China's non-manufacturing sector continued to expand in April, although at a slower pace, the China Federation of Logistics and Purchasing (CFLP) said Thursday.
The non-manufacturing sector's Purchasing Managers Index (PMI), a key economic indicator, fell 1.9 percentage points from March to 56.1 percent, according to a CFLP statement.
A PMI reading above 50 percent indicates expansion from the previous month, while readings below 50 percent indicate contraction.
Taking seasonal factors into account, the index had increased for two consecutive months before retreating in April.
The April figure remains relatively high and shows that the non-manufacturing economy has maintained steady growth, said Cai Jin, vice chairman of the CFLP.
"All industries saw balanced development and stable expansion overall," said Cai. "The non-manufacturing sector will continue to pick up steadily as investment and holiday consumption increase."
The release came two days after the CFLP announced that China's PMI for the manufacturing sector rose for the fifth consecutive month in April to 53.3 percent, although at a much slower growth rate compared to March.
China's gross domestic product expanded 8.1 percent year-on-year in the first quarter, the slowest growth in nearly three years, over flagging exports and a softening property sector.
All major sub-indices under the non-manufacturing PMI dipped in April except those for inventories and new export orders, the CFLP said.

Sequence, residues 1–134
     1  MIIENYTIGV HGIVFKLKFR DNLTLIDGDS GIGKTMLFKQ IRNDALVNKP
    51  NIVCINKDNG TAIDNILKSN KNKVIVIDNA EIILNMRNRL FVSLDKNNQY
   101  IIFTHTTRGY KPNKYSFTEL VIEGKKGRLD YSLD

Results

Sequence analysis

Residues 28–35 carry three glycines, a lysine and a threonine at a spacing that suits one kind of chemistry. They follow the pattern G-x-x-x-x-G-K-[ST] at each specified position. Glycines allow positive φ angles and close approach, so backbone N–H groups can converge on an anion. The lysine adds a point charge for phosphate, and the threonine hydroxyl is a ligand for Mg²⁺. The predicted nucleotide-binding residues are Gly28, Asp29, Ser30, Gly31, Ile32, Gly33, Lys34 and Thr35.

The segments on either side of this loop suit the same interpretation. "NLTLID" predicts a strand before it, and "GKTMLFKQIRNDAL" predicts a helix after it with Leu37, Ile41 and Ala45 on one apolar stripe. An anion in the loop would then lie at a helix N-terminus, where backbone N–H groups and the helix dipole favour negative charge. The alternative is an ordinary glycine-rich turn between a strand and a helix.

The sub-index for new orders in the real estate industry remained below 50 percent in April, although the industry's business activity index reached its highest level since September 2009, Cai said.
The situation will help subdue housing prices, as supply is expected to outpace demand, he added.
The new order sub-index for the entire non-manufacturing sector dropped 0.8 percentage points from March to 52.7 percent.
Both the sub-index for intermediate input prices and that for charges slumped below historical average levels, pointing to less inflationary pressure, Cai said.
China's consumer price index (CPI), a main gauge of inflation, expanded 3.6 percent year-on-year in March after logging a 3.2-percent growth rate in February, the lowest in 20 months.
The CFLP's non-manufacturing PMI is based on a survey of about 1,200 companies in 27 industries, including transportation, real estate, catering and software development.